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There are effectively six heatpipes extending down into the base, but as mentioned above, they are actually three loops, with the center portiona sandwiched and soldered between the base and the secondary aluminum fins. The mounting hardware clips into the sides of the Fast-Phase structure; shown above are the AMD spring loaded clips, which work easily enough, with preloaded springs to apply a good (precisely calibrated?) amount of pressure. The base is smooth and flat.
These are the Socket 775 and
1366 arms with plastic locking pushpins, now in 1366 position. Slide each pushpin closer to the base and they fit into 775 socket.
The fan has good geometry for low tonal noise, with the blades' trailing edges nearly perpendicular to the struts throughout the rotation. It is a 4-pin PWM sleeve bearing fan rated to draw just 0.17A current at full speed, with claimed wide speed range of 300 ~ 2,500 rpm. The 7.2 - 31.07 dBA spec is promising as well.
The most critical aspect of installation is for the heatsink
to be securely mounted. The more firmly it is installed, the better the contact
between the heatsink's base and the CPU itself. It's also less likely to fall
off. Ease of installation is also important a simple mounting scheme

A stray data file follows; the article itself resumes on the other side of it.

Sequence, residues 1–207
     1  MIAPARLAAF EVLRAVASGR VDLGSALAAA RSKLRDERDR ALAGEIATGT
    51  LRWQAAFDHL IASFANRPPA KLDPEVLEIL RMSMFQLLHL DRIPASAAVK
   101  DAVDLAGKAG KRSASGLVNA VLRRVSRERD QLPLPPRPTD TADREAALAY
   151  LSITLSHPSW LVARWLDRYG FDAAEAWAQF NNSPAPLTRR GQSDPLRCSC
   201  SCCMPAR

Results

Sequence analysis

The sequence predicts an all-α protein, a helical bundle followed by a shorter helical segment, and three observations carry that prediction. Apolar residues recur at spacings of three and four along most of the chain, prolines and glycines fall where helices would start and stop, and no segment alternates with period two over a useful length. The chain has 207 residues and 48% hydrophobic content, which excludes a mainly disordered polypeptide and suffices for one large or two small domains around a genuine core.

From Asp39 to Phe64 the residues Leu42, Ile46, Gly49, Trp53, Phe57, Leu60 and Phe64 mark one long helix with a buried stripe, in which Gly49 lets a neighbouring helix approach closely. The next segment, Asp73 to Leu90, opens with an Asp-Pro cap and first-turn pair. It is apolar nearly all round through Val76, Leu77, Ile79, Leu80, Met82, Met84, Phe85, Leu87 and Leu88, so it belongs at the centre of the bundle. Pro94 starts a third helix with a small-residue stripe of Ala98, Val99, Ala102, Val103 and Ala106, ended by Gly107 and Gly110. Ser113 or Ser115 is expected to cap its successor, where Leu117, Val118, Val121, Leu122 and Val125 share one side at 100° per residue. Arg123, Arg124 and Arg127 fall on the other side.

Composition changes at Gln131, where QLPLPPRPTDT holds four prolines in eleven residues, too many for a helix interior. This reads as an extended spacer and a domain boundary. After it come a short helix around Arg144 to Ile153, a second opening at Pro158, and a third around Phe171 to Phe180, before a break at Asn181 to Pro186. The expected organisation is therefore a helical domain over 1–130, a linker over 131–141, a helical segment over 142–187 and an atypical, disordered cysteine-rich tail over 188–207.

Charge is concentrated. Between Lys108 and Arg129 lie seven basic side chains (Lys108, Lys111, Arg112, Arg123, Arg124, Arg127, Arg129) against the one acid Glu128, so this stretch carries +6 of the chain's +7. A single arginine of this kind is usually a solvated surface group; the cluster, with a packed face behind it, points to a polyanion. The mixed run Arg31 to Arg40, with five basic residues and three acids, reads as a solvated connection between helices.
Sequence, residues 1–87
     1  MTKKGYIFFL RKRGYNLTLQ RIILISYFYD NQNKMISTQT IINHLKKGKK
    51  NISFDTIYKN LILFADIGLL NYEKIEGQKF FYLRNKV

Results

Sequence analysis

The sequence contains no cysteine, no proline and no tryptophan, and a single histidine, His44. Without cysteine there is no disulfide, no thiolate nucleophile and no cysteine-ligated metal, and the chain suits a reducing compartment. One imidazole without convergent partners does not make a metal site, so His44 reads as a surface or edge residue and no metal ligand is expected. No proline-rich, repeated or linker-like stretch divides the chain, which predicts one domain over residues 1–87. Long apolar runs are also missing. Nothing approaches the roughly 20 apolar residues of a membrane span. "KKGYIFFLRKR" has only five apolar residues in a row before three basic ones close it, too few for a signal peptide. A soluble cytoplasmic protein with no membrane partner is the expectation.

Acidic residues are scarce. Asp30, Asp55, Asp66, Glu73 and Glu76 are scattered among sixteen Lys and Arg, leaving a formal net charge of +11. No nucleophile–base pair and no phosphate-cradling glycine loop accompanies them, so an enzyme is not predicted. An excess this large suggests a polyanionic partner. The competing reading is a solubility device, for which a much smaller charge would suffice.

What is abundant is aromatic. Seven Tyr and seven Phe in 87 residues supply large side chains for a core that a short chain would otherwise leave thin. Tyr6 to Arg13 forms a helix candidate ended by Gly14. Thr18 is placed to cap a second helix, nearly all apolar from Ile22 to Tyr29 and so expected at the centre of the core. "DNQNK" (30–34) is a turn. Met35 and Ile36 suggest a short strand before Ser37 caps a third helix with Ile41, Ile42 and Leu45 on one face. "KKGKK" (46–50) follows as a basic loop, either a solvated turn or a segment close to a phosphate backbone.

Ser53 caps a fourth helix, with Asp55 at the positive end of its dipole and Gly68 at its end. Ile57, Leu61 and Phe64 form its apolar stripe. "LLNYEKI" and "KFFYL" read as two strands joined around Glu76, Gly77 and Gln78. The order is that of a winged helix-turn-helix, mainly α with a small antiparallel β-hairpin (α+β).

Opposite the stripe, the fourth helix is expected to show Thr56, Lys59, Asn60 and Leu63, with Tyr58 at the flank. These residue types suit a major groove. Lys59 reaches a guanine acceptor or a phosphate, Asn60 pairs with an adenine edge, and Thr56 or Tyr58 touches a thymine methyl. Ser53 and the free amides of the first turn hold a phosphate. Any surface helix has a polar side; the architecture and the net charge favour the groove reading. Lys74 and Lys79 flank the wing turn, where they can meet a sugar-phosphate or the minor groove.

means less time spent installing, and a reduced likelihood of screwing up.
The pushpins employed here for Intel 775/1366 socket boards work well enough. Access to the pins is unimpeded by the heatsink itself, and the total weight of 530g with fan and mounting hardware does not seem onerous for the plastic pins. The heatsink seemed quite firmly secured in the end.
For AMD processors, there is only one way that the Katana 3 can be mounted, but as most AMD boards have a north-south orientation for the heatsink retention frame, the fan ends up blowing in the right direction, towards the back of the case where there is usually an exhaust fan, rather than up towards the PSU intake (in a typical case).
Katana 3 set up and ready to go (without fan) on our Intel 775 socket heatsink testing board.
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